Seven Days in Solitary [12/24/17]

Our Weekly Roundup of News and Views on Solitary Confinement

by | December 24, 2017

• Arthur Johnson, a 65-year-old man currently serving a life sentence at State Correctional Institution Greene in Pennsylvania, was awarded $325,000 in a settlement for being subjected to 37 years of solitary confinement. Johnson claimed in the lawsuit that the prolonged solitary confinement constituted cruel and unusual punishment and violated his due process rights. It’s been a year since Johnson returned to general population, and one of Johnson’s attorneys from the Abolitionist Law Center explained to the Pittsburgh Post Gazette, “It’s been a big adjustment, being surrounded by so many people in the yard, in the cafeteria. A relief, to be sure, but the scars of an entire adult life spent with little human contact persist.”

• The Atlantic reported on the effect that the lack of education has on children held in juvenile detention, especially those held in solitary, many of whom have learning or cognitive disabilities. The article notes that children are often sent to solitary confinement for behaviors that in traditional schools might not even be reprimanded, such as “being restless in class, talking back, or refusing to participate if they don’t understand or are frustrated by a lesson.” One youth said of his time in solitary confinement: “We had no schooling when I was in lockdown, maybe a book if a friend had one to share.” As a result of recent lawsuits, three juvenile facilities have agreed to modify their education and solitary confinement procedures: Lancaster facility in Los Angeles County agreed to provide every child full days of schooling, Contra Costa County in California agreed to end their use of solitary confinement for minors, and Onondaga County in New York also agreed to end juvenile solitary confinement and increase access to special-education.

• Rewire reported that Disability Rights California (DRC) filed a lawsuit earlier this month on behalf of five disabled individuals asserting that unhealthy conditions at Santa Barbara County Jail inflicted “cruel and unusual punishment,” infringed upon due process rights, and discriminated against disabled individuals, in violation of the 8th and 14th Amendments and the Americans with Disabilities Act (ADA). The lawsuit claims that individuals at the Santa Barbara facility are subjected to solitary confinement, called “Safety Cells,” with only a hole in the floor for a toilet, and that individuals with mental health issues are denied confidential meetings with mental health professionals. The article noted the federal government’s estimate that “approximately 40 percent of jail prisoners have one or more disabilities,” although over half of the individuals held at Santa Barbara had visited the county’s Department of Behavioral Wellness prior to entering the prison system.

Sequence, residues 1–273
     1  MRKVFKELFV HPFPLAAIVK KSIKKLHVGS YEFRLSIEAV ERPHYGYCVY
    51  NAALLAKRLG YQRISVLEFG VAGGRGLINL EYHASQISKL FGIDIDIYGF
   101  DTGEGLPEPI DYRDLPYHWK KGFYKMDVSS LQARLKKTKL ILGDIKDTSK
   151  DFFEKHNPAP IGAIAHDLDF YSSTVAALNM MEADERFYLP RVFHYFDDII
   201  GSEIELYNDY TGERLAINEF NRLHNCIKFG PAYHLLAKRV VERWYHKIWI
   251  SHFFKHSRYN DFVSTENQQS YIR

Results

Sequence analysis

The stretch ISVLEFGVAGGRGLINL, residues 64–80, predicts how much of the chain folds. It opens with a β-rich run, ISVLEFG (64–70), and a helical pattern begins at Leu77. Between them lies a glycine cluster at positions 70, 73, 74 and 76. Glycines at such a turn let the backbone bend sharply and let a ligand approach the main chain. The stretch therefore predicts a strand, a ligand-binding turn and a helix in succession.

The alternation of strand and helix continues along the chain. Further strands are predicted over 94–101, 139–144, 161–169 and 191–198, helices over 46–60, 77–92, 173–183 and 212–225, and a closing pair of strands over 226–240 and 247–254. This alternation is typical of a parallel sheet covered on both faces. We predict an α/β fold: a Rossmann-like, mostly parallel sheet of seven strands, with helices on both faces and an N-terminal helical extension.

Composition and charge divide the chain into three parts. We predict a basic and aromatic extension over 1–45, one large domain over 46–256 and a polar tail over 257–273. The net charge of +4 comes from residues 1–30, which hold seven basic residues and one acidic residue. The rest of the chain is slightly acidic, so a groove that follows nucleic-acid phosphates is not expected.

• The Nation covered a rally outside of New York Governor Andrew Cuomo’s office urging him to pass the Humane Alternatives to Long-Term (HALT) Solitary Confinement Act, which would limit time in isolation to 15 days and develop alternatives to solitary confinement. Among the protestors were Jessica Concepcion, who spent Christmas 2006 in solitary at the maximum-security Bedford Hills facility in New York, and her wife Xena Grandichelli, who also spent time in solitary. The New York Campaign for Alternatives to Isolated Confinement, which organized the rally, is urging Cuomo to spend one night in solitary in one of New York’s prisons, as corrections chief Rick Raemisch did in Colorado.

• The Star Tribune published the story of Keegan Rolenc, who recently re-entered society after spending a year in Minnesota’s harshest solitary confinement unit. After he was released, a Rice County Judge commended Rolenc for surviving the prolonged solitary confinement: “After reading about it I can only say that that’s barbaric treatment. My hat is off to you for not incurring any more time while you were there. You kept your cool. I don’t know how you did it.” While the Minnesota Department of Corrections has since prohibited stays longer than 90 days in solitary, the Star Tribune found that over a six-year period, 700 people had been released directly from isolation in Minnesota. In Rolenc’s case, his time in solitary still causes him difficulty in social situations and continual challenges finding a job.


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